Moments that remind me what is possible

Jun 5, 2013

Some days are ordinary.  Others are extraordinary.  Today, the Baltimore Symphony had the huge honor and pleasure of working with the legendary film composer, John Williams.  Our music director, Marin Alsop, is friendly with Mr. Williams, and has been talking with him about coming to conduct the BSO for years.   But it was apparently the fact that her son is an avid fan of Williams’ compositions that finally tipped the scales, and so the maestro came to Baltimore for a one-concert only, sold-out show featuring some of his greatest film scores.  Ms. Alsop deserves our congratulations and our thanks for making this event happen.

The first words out of his mouth in rehearsal were, “Thank you for having me.” He was humble, warm, and gracious.  I have often heard it said that musicians’ tempi slow down as they grow older.  Glenn Gould’s recordings of the Bach Goldberg Variations certainly support this theory, his 1981 recording being about half the speed of his 1955 debut recording of the same work.  A related notion is that we tend to play in the same tempo as our heartbeat (which, by the way, explains why we rush when we feel nervous).  Working with Mr. Williams, who celebrated his 81st birthday on February 9 of this year, blows this theory out of the water for me.   The way Williams sculpts a lyrical phrase is by letting it go, letting it soar, encouraging it to surge forward to an astonishing degree, and then creating moments of tenderness and poignancy by lingering on or just before the climax of the phrase.  As with a sailboat on the open water, the wind can pick up at any moment and send the boat skidding, but can just as quickly die, leaving the sailor to appreciate and savor the peace.  Williams’ freedom is natural and refreshing, and his willingness to let us find our own way to his sense of phrasing communicates a sense of trust from the podium that brings out the best in the players.  Holding something too tightly often stifles, whereas in many situations, letting go creates space for joy.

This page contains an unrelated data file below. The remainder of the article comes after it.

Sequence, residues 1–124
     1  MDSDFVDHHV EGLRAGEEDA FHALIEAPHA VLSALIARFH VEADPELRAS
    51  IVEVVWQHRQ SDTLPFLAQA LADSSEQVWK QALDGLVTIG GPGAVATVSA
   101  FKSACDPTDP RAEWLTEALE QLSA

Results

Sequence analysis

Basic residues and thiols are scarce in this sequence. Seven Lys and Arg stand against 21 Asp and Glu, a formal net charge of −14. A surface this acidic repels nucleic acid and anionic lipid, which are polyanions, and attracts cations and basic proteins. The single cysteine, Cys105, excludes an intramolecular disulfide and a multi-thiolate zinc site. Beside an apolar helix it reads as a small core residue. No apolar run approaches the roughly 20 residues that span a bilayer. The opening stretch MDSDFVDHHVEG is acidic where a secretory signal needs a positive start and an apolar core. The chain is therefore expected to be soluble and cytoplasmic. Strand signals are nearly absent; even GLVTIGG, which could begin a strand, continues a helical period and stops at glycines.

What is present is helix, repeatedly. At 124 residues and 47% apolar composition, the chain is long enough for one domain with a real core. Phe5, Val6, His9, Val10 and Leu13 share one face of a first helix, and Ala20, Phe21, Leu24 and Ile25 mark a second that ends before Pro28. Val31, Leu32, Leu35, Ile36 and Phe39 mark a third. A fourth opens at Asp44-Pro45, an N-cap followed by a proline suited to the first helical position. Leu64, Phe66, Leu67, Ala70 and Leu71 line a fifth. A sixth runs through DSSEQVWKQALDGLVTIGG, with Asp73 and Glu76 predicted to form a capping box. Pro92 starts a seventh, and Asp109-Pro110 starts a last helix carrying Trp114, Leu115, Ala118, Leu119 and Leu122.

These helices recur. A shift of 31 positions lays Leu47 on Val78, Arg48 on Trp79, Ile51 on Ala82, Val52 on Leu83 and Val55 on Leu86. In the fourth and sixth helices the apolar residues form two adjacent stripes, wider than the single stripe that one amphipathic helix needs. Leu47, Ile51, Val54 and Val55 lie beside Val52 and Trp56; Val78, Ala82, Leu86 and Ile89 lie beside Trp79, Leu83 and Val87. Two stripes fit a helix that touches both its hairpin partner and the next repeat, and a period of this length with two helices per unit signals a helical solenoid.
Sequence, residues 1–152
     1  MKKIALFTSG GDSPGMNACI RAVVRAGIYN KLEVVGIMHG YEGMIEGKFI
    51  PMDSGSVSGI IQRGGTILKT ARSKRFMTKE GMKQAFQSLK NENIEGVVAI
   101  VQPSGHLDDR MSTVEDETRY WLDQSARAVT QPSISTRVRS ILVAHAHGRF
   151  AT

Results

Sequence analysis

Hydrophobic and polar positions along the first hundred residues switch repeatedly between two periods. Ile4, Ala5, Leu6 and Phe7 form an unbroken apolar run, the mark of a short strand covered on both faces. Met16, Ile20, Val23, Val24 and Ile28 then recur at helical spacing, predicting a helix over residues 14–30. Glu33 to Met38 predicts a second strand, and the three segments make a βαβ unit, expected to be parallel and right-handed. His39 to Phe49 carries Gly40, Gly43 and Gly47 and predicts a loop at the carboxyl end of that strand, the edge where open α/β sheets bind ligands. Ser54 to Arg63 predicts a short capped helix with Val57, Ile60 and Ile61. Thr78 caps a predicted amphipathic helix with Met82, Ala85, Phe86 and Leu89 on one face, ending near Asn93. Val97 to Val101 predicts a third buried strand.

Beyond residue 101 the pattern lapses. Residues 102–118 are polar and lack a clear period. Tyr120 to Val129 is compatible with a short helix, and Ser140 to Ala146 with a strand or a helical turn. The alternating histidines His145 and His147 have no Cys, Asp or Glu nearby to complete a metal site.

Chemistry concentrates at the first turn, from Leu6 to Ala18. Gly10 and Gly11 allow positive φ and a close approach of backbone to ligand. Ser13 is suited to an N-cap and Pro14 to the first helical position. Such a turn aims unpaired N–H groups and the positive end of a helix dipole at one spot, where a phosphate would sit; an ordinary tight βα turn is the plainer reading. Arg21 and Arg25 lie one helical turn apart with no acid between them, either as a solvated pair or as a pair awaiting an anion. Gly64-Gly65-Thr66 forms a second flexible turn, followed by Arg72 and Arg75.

Tonight’s concert was the closest to a rock concert as any I’ve ever experienced.  The crowd literally erupted into applause and a standing ovation as soon as Mr. Williams’ foot was visible through the open door.  The BSO was in absolutely top form.  The sound was cohesive and warm, at times powerful and brilliant, and the solos from various players throughout the evening were stunning. Moreover, there was a sense of collective purpose and joy on the stage that emanated from the goodwill at the podium and spread to everyone within earshot.  And that joy had very little to do with the fact that John Williams is a Hollywood superstar, and everything to do with the fact that he is a musician of integrity and inspiration.

Click here to read Baltimore Sun columnist Tim Smith’s account of the event.

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Lura Johnson